This book offers new insights into the excesses and uncanniness of the ‘War on Terror’ via an engagement with the pleasures of risk.
Engaging with the unconscious, the excess, the uncanny and the spectacular dimensions of the ‘War on Terror’ – as made evident, for example, in the 2012 London Olympic Games and the 2013 manhunt for the Boston Marathon bombers – leads this book to probe the so-called order of things that has made this war intelligible in both mainstream and critical approaches to Security Studies and International Relations. Specifically, this book brings to light and theorizes the obscene pleasures of the ‘War on Terror’ and its supplementary precautionary risk logic. Coming to grips with this (i.e., the pleasures of risk), ultimately via an engagement with critical psychoanalytic theory, leads this book to argue that we may be other than we think we are within critical International Relations (IR) traditions. Furthermore, albeit without discounting the madness, if not desolation, of the present (extending from the ‘War on Terror’ to the politics of Brexit and Donald Trump), it suggests there may be some relief in that yet.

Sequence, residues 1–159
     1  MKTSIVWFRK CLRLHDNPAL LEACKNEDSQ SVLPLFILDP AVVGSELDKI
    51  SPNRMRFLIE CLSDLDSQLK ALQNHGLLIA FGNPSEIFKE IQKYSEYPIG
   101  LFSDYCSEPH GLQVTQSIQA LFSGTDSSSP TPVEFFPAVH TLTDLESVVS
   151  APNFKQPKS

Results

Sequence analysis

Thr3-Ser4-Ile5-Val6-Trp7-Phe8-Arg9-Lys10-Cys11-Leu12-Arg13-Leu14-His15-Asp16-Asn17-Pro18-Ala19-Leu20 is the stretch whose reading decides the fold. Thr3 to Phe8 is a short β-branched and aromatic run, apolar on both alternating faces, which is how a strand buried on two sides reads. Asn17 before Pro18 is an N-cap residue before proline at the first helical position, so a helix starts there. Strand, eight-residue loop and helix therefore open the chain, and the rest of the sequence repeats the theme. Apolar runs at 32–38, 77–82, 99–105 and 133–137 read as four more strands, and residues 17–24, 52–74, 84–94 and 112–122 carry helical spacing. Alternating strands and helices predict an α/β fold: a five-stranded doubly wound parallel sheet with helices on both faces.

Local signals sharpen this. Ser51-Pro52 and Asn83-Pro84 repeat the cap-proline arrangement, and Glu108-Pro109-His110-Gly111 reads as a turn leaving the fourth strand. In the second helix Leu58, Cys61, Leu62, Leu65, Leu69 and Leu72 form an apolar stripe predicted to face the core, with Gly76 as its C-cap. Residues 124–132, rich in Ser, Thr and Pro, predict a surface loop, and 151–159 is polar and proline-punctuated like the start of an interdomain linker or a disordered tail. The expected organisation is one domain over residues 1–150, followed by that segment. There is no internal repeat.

This book will be of much interest to students of critical terrorism studies, critical security studies, political theory and International Relations broadly.
Table of Contents
1. The ‘War on Terror’ is Weird: An Introduction
2. We All Dreamed It: Troubling Precautionary Risk Logics
3. ‘Precarious Euphoria’: Spectacle and the 2012 London Olympic Games
4. The Thrill of the Hunt: Closing in on the Boston Marathon Bombers
5. Traversing the Fantasy(ies): By Way of Conclusion
Tina Managhan is Senior Lecturer in the Politics and International Relations Programme at Oxford Brookes University, U.K.